Dallas Smith was the big winner at the Canadian Country Music Association award show Monday night, nabbing three trophies including entertainer of the year at a splashy live-streamed event in front of thousands of in-person spectators.
The 43-year-old from Langley, B.C., who performed his single “Hide From a Broken Heart” for the fully vaccinated crowd at Budweiser Gardens, also won the male artist of the year award and single of the year for “Like A Man.”
Smith claimed the top entertainer title for the third straight year, beating out Brett Kissel of Flat Lake, Alta.; Dean Brody of Smithers, B.C.; MacKenzie Porter of Medicine Hat, Alta.; and the Reklaws from Cambridge, Ont.
The bash marked the return of the CCMA show to the live-event sphere for the first time since Calgary hosted in 2019.
Smith, accepting his first award of the night, thanked organizers for “doing what they needed to do to get people in a building again and bring this genre and live music back to life.”
Backstage, he called his entertainer of the year award the “icing on the cake” to a weekend spent with country music fans and artists in person.
“I had this date knocked on the calendar for quite a while, (it’s) signifying getting back together for a lot of people in the industry,” he said. “Last year we did what we could with the CCMAs … but now we’re more back to normal and what this needs to be.”
The Reklaws, a brother-sister pair comprised of Jenna and Stuart Walker, won top group or duo of the year, thanking their parents — “the first duo to shine in our eyes,” Stuart said in their acceptance speech and again backstage.
Tenille Townes of Grand Prairie, Alta., earned two awards, repeating as top female artist for a third straight year and adding an album of the year trophy for “The Lemonade Stand.”
Townes described Monday’s show as “surreal,” saying backstage that she felt “honoured to be part of the Canadian country music community” after a week’s worth of events also capped by Patricia Conroy’s induction the Canadian Country Music Hall of Fame.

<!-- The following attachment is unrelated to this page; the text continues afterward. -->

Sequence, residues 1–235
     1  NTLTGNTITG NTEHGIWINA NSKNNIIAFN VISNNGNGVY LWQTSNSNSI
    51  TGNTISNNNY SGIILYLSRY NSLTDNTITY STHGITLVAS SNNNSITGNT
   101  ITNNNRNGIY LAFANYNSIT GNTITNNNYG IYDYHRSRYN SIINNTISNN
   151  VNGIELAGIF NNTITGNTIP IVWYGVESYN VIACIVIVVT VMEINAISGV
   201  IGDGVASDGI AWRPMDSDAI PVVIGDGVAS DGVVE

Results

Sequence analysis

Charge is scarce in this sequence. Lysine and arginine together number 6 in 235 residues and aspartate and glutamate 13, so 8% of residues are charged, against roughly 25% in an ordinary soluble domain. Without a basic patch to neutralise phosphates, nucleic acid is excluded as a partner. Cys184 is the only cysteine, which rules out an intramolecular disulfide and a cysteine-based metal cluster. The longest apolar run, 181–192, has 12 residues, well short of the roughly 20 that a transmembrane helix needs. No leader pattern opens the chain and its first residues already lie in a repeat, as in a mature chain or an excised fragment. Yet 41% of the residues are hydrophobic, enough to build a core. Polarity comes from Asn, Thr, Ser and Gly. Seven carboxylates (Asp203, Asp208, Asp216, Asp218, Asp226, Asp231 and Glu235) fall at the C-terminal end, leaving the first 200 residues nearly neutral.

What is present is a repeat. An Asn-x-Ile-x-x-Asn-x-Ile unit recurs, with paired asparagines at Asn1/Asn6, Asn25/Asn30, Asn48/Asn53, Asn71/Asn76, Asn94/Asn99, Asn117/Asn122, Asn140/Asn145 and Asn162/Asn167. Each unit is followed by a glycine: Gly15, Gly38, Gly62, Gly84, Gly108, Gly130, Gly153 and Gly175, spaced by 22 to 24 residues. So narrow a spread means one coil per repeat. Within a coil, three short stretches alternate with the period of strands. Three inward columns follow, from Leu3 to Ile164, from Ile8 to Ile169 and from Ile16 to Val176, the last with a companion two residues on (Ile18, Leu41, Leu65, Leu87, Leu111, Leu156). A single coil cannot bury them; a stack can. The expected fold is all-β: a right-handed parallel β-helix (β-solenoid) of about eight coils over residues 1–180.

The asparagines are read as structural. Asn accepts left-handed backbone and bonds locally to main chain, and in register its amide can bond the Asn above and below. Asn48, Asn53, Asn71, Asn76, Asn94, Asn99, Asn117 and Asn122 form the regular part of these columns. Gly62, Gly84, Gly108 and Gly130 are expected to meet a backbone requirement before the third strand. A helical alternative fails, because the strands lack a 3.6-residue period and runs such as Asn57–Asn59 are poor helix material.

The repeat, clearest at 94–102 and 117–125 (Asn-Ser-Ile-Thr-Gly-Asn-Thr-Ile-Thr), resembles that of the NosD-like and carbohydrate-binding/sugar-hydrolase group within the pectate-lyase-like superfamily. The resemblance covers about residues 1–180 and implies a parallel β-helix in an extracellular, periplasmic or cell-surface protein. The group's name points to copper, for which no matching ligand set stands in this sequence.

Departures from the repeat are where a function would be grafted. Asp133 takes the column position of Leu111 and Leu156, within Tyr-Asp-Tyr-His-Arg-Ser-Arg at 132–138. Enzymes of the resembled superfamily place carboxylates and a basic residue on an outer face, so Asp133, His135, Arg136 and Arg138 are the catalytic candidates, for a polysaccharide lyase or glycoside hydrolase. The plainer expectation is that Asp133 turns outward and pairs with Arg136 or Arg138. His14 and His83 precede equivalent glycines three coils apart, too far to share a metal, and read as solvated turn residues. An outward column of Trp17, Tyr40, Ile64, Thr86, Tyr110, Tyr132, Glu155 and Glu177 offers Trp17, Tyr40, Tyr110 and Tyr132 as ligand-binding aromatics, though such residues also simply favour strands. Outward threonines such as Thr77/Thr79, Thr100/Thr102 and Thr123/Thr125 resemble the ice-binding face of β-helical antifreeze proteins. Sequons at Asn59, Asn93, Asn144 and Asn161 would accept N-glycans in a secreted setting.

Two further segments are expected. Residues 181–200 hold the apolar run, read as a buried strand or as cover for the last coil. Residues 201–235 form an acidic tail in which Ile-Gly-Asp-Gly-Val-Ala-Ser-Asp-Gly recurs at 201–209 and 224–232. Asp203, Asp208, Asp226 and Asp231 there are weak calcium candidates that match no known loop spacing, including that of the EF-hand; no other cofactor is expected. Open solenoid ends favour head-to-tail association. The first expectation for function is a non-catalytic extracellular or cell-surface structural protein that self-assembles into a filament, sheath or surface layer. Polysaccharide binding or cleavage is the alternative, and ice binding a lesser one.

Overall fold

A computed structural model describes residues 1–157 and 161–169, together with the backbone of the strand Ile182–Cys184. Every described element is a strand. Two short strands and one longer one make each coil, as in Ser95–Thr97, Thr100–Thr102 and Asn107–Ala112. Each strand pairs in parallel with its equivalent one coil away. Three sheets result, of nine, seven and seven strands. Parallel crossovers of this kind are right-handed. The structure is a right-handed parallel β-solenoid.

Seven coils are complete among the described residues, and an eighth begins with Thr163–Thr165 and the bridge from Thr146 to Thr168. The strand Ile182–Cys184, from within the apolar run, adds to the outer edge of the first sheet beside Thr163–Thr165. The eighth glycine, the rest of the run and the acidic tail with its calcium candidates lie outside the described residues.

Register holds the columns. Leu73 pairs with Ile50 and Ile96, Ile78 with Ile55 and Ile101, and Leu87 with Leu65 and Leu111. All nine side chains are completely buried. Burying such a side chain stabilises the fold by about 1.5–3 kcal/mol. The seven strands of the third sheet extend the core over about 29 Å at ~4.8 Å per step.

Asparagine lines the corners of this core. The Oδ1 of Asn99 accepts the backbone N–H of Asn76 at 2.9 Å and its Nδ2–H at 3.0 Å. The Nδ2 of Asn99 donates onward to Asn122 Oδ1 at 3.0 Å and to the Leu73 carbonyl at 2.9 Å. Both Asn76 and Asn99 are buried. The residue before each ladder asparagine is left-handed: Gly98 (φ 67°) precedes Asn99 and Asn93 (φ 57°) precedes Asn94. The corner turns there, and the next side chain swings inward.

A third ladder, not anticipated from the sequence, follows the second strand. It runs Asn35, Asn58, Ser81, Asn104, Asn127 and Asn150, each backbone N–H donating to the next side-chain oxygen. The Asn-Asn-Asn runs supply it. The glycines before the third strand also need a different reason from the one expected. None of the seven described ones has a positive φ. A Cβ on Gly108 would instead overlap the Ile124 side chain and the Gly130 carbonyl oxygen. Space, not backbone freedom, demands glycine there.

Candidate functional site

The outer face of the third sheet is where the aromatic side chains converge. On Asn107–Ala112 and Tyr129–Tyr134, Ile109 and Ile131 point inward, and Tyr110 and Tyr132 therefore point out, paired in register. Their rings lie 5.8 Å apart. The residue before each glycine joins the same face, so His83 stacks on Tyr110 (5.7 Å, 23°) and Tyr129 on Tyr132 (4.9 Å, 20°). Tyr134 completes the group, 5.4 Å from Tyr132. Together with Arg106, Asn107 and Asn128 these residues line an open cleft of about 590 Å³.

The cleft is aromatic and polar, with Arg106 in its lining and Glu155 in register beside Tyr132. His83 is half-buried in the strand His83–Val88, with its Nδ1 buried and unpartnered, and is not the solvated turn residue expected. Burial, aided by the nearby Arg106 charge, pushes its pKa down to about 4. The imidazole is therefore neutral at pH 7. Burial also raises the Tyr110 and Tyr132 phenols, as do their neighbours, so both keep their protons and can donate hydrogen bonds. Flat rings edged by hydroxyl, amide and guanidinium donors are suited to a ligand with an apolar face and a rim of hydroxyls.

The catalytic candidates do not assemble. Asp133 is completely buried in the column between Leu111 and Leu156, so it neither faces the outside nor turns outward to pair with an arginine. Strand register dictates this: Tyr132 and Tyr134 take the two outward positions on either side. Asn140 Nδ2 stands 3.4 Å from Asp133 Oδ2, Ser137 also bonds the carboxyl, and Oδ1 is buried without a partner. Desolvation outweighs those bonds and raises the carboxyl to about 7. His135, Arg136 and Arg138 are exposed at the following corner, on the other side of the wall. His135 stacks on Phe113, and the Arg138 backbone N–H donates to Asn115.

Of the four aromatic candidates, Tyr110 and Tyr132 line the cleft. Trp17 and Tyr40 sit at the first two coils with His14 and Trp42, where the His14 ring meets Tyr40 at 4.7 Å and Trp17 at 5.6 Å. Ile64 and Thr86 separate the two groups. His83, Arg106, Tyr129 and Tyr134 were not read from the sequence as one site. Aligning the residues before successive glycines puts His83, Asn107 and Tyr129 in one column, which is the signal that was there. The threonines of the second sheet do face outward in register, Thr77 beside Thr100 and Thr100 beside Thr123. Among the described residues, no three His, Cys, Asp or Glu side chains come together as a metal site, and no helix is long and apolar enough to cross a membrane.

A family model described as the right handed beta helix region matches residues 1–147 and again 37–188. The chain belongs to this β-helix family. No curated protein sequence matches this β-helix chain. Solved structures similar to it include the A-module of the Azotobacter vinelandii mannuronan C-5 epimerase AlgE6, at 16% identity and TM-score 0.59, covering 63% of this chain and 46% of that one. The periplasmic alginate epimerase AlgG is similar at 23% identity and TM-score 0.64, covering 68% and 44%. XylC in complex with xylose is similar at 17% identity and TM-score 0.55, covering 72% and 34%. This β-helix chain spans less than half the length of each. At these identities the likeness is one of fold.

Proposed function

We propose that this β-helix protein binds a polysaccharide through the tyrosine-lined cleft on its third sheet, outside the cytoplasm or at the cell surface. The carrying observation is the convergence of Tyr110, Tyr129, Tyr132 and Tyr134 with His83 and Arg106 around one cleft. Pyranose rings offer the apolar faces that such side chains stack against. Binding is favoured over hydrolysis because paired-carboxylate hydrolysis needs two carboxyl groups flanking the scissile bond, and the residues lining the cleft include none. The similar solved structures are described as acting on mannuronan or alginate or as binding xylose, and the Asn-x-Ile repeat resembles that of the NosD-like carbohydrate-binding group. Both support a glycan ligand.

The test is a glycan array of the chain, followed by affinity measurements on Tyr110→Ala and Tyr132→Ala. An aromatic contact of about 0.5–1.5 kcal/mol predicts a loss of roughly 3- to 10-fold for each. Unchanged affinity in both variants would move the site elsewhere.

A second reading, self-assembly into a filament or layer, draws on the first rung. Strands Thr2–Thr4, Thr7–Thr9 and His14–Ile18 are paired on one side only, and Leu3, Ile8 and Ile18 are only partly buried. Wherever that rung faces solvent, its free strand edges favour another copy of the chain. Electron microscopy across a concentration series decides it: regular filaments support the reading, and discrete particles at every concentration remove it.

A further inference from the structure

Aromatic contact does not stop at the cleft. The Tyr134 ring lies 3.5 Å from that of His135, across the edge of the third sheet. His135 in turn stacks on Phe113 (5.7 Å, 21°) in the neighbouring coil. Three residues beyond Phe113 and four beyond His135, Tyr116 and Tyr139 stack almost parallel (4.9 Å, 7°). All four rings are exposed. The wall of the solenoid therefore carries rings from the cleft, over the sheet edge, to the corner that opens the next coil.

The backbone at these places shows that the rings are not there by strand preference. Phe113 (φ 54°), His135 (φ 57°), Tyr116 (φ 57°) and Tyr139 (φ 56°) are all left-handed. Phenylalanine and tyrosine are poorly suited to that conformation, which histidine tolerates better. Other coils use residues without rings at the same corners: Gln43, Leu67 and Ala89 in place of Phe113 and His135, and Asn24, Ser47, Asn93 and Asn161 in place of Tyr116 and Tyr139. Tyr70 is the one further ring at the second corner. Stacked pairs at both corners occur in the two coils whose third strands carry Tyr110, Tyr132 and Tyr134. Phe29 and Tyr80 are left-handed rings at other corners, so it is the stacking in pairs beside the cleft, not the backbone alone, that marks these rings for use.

“I’m just thinking of all of these heroes, these legendary female artists that I grew up listening to … and just being like, ‘Man, what a dream it would be to follow in those footsteps someday,’” Townes said. “It is so surreal to me to get to be a part of continuing that circle around and … I don’t even know if it’s quite sunk in yet.”
Drag queen-turned-country music diva Priyanka injected some glam alongside fellow co-host Lindsay Ell of Calgary after COVID-19 restrictions turned last year’s show into a scaled-back, virtual event.
The two kicked off the show with Priyanka — winner of “Canada’s Drag Race” — in an asymmetrical blue sequin minidress belting, “Let’s go girls!” and singing the first verse of Shania Twain’s “Man! I Feel Like a Woman.” A sequin-draped Ell joined in for a partial duet on Bonnie Raitt’s “Something to Talk About.”
Earlier, Priyanka paused for photos with fans on the red carpet, showing off a bedazzled twist on the Canadian tuxedo — a studded denim bodysuit with matching jacket, boots and fringed cowboy hat. She said the look was an homage to the denim dress worn at the 2001 American Music Awards by Britney Spears, who was recently freed from a 13-year conservatorship.